The International Organization for Migration yesterday said that a boat carrying migrants bound for Europe capsized in the Mediterranean Sea off Libya, leaving at least two dozen people drowned or missing and presumed dead, the latest shipwreck off the North African nation.
Libya’s coast guard intercepted three boats on Monday, and one of them had capsized, said Safa Msehli, a spokeswoman for the UN migration agency.
She said the coast guard retrieved two bodies, and survivors reported 22 others were missing and presumed dead.
At least 45 survivors on the three boats were returned to the shore. All migrants were men, with a majority from Egypt and Morocco, she said.
Survivors and other intercepted migrants were taken to a detention center in the Libyan capital, Tripoli, Msehli said.
“This new tragedy signals yet again the need for increased search and rescue capacity in the Mediterranean. Instead, we are seeing restrictions on NGOs [non-governmental organizations] and long, unnecessary standoffs,” Msehli said.
The shipwreck was the latest maritime disaster involving migrants seeking a better life in Europe.
More than 350 migrants have died in the central Mediterranean this year, Msehli said last month.
Last month, a boat carrying dozens of migrants capsized leaving at least 45 people drowned or missing and presumed dead, marking the largest number of fatalities in a single shipwreck off the coast of the North African country.
The agency’s Missing Migrants Project said that since the middle of last month, when four shipwrecks were reported in the central Mediterranean, 48 bodies have washed ashore at Libyan coasts.
It said at least 54 other people might have died at sea in those tragedies.
Libya, which descended into chaos following the 2011 uprising that toppled and killed longtime dictator Muammar Qaddafi, has emerged as a major transit point for African and Arab refugees and migrants fleeing war and poverty to Europe.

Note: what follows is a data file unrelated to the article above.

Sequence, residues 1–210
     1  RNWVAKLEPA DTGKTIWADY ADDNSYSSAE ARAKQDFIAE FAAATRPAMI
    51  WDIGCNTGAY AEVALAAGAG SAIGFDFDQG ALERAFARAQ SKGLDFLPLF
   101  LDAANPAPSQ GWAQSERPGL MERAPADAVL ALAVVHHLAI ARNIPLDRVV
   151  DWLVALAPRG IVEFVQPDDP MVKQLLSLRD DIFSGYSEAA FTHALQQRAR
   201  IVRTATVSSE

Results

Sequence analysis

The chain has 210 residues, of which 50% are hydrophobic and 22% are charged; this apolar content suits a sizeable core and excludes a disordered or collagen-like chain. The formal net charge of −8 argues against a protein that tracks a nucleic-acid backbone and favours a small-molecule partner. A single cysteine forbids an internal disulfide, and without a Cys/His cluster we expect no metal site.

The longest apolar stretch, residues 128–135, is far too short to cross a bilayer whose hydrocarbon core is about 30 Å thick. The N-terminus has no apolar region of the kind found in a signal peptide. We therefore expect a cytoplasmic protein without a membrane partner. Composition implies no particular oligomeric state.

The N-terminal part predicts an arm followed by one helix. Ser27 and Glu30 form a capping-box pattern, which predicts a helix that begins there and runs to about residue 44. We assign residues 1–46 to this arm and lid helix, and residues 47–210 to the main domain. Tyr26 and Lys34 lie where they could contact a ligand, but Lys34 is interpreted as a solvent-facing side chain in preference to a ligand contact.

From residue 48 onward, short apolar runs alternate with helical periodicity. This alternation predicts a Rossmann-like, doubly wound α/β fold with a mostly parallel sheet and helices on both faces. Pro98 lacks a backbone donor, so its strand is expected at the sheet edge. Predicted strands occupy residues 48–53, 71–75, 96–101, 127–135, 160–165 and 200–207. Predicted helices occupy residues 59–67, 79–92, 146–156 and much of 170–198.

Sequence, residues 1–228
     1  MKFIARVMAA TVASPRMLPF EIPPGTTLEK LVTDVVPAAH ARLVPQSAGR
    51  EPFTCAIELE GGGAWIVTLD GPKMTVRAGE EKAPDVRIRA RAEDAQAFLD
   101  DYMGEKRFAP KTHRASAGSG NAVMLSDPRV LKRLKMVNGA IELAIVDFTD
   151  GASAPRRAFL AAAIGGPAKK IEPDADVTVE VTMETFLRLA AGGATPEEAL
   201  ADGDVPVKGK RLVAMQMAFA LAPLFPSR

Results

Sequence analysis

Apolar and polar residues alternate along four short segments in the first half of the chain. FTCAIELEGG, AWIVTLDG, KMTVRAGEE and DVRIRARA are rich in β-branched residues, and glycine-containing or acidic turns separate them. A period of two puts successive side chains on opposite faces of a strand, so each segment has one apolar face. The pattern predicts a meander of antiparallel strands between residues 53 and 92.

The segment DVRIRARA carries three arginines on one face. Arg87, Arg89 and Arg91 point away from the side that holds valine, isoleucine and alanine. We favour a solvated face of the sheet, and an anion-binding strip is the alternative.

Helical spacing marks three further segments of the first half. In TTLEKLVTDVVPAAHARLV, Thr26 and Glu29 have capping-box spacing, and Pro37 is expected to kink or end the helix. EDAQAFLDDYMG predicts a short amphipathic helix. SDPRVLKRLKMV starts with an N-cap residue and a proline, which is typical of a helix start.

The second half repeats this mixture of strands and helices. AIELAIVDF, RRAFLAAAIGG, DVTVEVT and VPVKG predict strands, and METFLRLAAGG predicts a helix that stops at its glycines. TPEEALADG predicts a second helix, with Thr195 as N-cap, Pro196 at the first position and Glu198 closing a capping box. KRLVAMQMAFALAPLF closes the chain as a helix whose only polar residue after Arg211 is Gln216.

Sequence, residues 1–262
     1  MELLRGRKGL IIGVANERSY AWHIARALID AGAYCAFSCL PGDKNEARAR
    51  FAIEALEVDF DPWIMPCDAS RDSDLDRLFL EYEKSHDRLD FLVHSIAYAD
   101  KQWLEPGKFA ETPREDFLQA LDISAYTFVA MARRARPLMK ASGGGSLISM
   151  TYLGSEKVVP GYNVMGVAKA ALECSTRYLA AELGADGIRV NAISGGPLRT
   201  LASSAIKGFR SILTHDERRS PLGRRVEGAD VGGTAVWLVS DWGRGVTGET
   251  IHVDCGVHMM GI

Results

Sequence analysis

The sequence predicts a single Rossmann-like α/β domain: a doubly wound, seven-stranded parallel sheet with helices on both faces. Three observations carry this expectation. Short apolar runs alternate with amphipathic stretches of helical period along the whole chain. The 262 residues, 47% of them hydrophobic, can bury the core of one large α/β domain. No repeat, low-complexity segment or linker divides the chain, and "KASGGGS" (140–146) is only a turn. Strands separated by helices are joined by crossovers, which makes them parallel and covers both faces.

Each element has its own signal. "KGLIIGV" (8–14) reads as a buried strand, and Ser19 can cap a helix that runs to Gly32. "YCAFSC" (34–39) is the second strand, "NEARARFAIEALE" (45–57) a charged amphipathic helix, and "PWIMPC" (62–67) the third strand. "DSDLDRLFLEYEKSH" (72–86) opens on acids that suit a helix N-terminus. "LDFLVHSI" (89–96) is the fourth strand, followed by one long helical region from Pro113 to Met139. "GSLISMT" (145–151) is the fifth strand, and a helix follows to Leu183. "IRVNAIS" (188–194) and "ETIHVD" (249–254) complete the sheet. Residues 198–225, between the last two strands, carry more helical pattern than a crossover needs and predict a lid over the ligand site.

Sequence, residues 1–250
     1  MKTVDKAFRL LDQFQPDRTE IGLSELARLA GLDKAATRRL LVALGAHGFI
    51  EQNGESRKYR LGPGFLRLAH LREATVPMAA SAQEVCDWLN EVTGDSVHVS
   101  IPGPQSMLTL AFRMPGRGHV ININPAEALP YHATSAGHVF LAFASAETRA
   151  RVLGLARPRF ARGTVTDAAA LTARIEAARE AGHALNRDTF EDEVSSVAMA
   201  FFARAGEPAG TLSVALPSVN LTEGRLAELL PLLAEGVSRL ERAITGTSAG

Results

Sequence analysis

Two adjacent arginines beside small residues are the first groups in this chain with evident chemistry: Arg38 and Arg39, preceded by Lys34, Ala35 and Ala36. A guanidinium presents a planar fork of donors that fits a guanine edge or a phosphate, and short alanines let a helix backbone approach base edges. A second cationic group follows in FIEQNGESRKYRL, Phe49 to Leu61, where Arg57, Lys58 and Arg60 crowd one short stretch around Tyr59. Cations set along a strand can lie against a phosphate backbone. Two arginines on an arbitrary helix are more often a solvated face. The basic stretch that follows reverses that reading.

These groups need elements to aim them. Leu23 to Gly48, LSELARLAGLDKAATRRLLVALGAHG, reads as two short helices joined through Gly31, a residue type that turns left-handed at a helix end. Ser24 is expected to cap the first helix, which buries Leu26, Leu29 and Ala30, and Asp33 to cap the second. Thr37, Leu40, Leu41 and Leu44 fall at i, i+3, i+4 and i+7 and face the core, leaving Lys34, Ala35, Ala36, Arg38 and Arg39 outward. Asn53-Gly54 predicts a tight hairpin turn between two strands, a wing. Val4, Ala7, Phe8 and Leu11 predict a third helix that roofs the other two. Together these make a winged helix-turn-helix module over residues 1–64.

Most make the perilous journey in ill-equipped and unsafe rubber boats.
The agency said in March that its estimated death toll among refugees and migrants who tried to cross the Mediterranean passed the “grim milestone” of 20,000 deaths since 2014.
Australian scientists have raised questions over the efficacy of the AstraZeneca and University of Oxford COVID-19 vaccine in establishing herd immunity, calling for a pause on its widespread rollout as the country recorded one new case of the virus yesterday. Opposition to the vaccine casts a cloud over Australia’s immunization plans, with 53 million doses of the AstraZeneca jab already on hand. “The question is really whether it is able to provide herd immunity. We are playing a long game here. We don’t know how long that will take,” Australian and New Zealand Society for Immunology president Stephen Turner said. Turner added
A racing pigeon has survived an extraordinary 13,000km Pacific Ocean crossing from the US to find a new home in Australia. Now authorities consider the bird a quarantine risk and plan to kill it. Kevin Celli-Bird yesterday said he discovered that the exhausted bird that arrived in his Melbourne backyard on Dec. 26 last year had disappeared from a race in the US state of Oregon on Oct. 29. Experts suspect the pigeon that Celli-Bird has named Joe — after US president-elect Joe Biden — hitched a ride on a cargo ship to cross the Pacific. Joe’s feat has attracted the attention
A persistent blizzard on Saturday blanketed large parts of Spain with an unusual amount of snow, killing at least four people and leaving thousands trapped in vehicles or at train stations and airports that suspended all services. The national weather agency reported that as of 7am, the snowfall in Madrid reached a level unseen in a half-century. More than 50cm of snow fell in the Spanish capital, the weather agency AEMET said. The bodies of a man and woman were recovered by the Andalucia region emergency service after their car was washed away by a flooded river near the town of Fuengirola.
China has recorded the biggest daily jump in COVID-19 cases in more than five months, despite four cities in lockdown, increased testing and other measures aimed at preventing another wave of infections in the world’s second-biggest economy. Most of the new infections were reported near the capital, Beijing, but a province in northeast China also saw a rise in new cases, official data showed yesterday, amid a resurgence that has seen more than 28 million people under home quarantine. The Chinese National Health Commission said in a statement that a total of 115 new confirmed cases were reported in the country, compared